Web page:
Through the eyes of diplomats
The Value Elephant: The Head and Tail of Wealth Creation by Sanjay Kulkarni
If six sightless men were asked to describe “value”, they had probably touched an elephant and described it in parts, without getting a sense of the whole. But to build lasting wealth, you must perceive the entire “value elephant”. Great fortunes are made and lost in financial markets. The author’s approach, called V-GRO, enables identification of fundamentally strong businesses which are available at a discount, debunks a number of myths like “price is always right” and “earrings are everything”, and creates positive results for investors.
That is not all. The same fundamentals, Kulkarni argues, can be applied to a business to create value. He demonstrates how CEOs, professional managers and owners of businesses can ride the “value elephant” to make businesses more valuable, regardless of ownership and industry segment.
Rustom and the Last Storyteller of Almora by Gaurav Parab
Rustom <g data-gr-id="57">Iraqiwalla</g>, a once-rich, green-eyed Parsi, is all set to blow his brains out at his best friend’s wedding. Debt-ridden and marked by the mafia, this is the only way he can secure his family’s future and atone for all the rotten choices he has made in his life. This extraordinary situation comes by way of his grandfather <g data-gr-id="58">Fali’s</g> will that states Rustom shall inherit the family fortune if he kills himself in a public place with the former’s eponymous gun.
Before he has a chance to shoot himself, his best friend Mani persuades him to meet an unlikely saviour in the Himalayan town of Almora - a drugged-out <g data-gr-id="59">godman</g> belting out strange visions through cryptic stories of love, power and loyalty. Will the last story-teller give Rustom a reason to live, or will his tales push Rustom further into an abyss of unimaginable loss?
Ambushed by Nayanika Mahtani
This is a wildly exciting tale about the battle between man and nature. “That’s it,” thought Tara, with a sinking feeling in her stomach. “My end is here”. She fervently hoped it wouldn’t be as brutal as that of the poor tigers. Gadget geek Tara braces herself for the dullest summer ever when her banker-turned-photographer father whisks her off to a sleepy tiger reserve in the Himalayan foothills, where nothing ever happens.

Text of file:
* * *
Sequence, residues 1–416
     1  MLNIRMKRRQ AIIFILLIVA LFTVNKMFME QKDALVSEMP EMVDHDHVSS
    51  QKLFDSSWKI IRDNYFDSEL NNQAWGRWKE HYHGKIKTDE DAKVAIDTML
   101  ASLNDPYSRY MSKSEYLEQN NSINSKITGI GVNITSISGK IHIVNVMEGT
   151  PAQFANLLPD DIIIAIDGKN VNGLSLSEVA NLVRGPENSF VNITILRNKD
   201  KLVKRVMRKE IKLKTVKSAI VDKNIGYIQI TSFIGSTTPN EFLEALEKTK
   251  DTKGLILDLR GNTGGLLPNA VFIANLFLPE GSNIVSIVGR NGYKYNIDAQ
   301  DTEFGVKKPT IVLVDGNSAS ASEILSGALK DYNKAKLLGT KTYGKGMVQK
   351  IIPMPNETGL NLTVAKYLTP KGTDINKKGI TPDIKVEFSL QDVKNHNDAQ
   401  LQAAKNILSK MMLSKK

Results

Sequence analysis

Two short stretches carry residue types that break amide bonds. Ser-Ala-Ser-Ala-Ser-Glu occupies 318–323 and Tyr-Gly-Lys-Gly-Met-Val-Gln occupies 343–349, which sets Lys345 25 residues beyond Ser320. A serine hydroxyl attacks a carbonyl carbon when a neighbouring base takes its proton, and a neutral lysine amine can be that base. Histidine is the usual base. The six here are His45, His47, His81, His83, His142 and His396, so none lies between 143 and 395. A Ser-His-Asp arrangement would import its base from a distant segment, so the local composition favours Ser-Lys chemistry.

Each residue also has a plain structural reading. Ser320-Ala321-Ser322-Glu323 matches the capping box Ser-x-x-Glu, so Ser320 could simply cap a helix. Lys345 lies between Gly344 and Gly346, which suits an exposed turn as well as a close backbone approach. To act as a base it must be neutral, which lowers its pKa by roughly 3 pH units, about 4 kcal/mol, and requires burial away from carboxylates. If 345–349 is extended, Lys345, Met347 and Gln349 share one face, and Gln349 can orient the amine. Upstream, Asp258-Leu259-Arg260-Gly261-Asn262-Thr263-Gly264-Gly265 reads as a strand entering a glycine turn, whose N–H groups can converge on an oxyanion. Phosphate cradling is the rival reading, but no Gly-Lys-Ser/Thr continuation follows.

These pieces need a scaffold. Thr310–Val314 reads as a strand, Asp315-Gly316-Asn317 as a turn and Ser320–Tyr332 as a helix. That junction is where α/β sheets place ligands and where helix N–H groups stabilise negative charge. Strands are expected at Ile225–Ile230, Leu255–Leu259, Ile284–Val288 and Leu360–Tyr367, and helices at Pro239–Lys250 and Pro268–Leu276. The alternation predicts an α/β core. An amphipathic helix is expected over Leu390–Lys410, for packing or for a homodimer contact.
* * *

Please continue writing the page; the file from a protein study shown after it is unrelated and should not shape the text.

She couldn’t have been more wrong. A stroll through the woods sends Tara on an adventure of a lifetime, as she stumbles upon an international gang of poachers. A tigress and her cubs must be saved and Tara’s only accomplice is her mysterious new friend, Satya. But can this unlikely pair save the day?
India and the World: Through the Eyes of Indian Diplomats by Surendra Kumar
If there is anything constant in the world, it is change, especially in today’s globalised world. Thirty mandarins of South Block look at the current changes in different parts of the world, try to connect them with developments of the recent past, analyse and dissect them with experience and understanding spanning decades and strive to foresee what is likely to happen and weigh how that could impact India’s relations with the rest of the world.
This book is a unique treasure of the thoughts and ideas of Indian diplomats who have collectively put in more than 1,150 years in the Indian Foreign Service, representing three generations: those who joined in the 1950s, 1960s and 1970s. While some have shared reflections and reminiscences of their roller coaster journey diplomatic career, others have focussed on India’s relations with different countries and regions.
A few have set out on a rather philosophical note, wondering whether it is hard power or the soft power or the soul power that serves national interests best and whether the days of quiet diplomacy are numbered. All in all, it is a heady cocktail of reflections and reminiscences, hard-nosed analysis and dispassionate interpretation and, of course, some crystal ball-gazing.